While the U.S. remains the world's strongest military and economic power, its place and role on the international stage is shifting. There are potentially dramatic implications for international peace and security from a U.S. foreign policy that is increasingly inward-looking, less predictable, less multilateral, and more reliant on the threat or use of military force to achieve its objectives. In 2017, Crisis Group established its first program dedicated to analysing U.S. policy, understanding who makes and shapes it, and offering recommendations to help guide its trajectory.
The U.S. is levying sanctions more than ever to hold warring parties accountable, restrict their access to resources and nudge them toward negotiations. Yet these measures can have unintended ill effects. Washington should take additional steps to alleviate these problems.
CrisisWatch is our global conflict tracker, an early warning tool designed to help prevent deadly violence. It keeps decision-makers up-to-date with developments in over 70 conflicts and crises every month, identifying trends and alerting them to risks of escalation and opportunities to advance peace. In addition, CrisisWatch monitors over 50 situations (“standby monitoring”) to offer timely information if developments indicate a drift toward violence or instability. Entries dating back to 2003 provide easily searchable conflict histories.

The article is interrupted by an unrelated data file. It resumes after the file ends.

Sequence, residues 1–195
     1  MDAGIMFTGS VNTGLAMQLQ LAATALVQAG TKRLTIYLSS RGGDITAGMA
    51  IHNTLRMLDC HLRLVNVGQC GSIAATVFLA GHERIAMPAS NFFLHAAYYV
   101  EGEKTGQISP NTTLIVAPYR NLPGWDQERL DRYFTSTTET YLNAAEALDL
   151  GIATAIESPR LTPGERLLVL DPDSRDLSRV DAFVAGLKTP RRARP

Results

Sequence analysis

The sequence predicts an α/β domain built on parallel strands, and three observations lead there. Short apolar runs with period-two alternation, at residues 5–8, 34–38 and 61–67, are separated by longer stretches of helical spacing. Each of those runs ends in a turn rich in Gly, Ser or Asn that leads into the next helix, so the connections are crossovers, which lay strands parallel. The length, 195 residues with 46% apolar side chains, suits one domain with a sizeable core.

South China Sea
Democratic Republic of Congo
It really shouldn’t be the case that the U.S. considers its influence severely weakened because it can’t provide military equipment or training to a certain country.
[US President Joe] Biden is in an election cycle, and the types of sanctions relief Iran is seeking won’t pass muster with the Congress.
[The Pentagon’s narrow interpretation of the Leahy Law is] a dishonest reading of the plain text and intention of Congress.
Moving forward, the United States should ensure military coups are never seen by its partners as a viable option.
Whenever the American forces there [in Syria] are attacked, the question arises again: Why are they there?
Why Israel—and the United States—Has Only Bad Options for the Day After
The Israel Defense Forces (IDF) Conduct in Gaza Should Prompt Scrutiny of U.S. Arms Transfers.
Terrible as the Gaza war’s toll has already been, it would get worse if sustained fighting were to erupt between the U.S. and Iran or its Middle East allies. Crisis Group experts Brian Finucane, Lahib Higel, Naysan Rafati and Ali Vaez lay out the dangers.
Why the U.S. government will find no easy answers in the Sahel's coup belt
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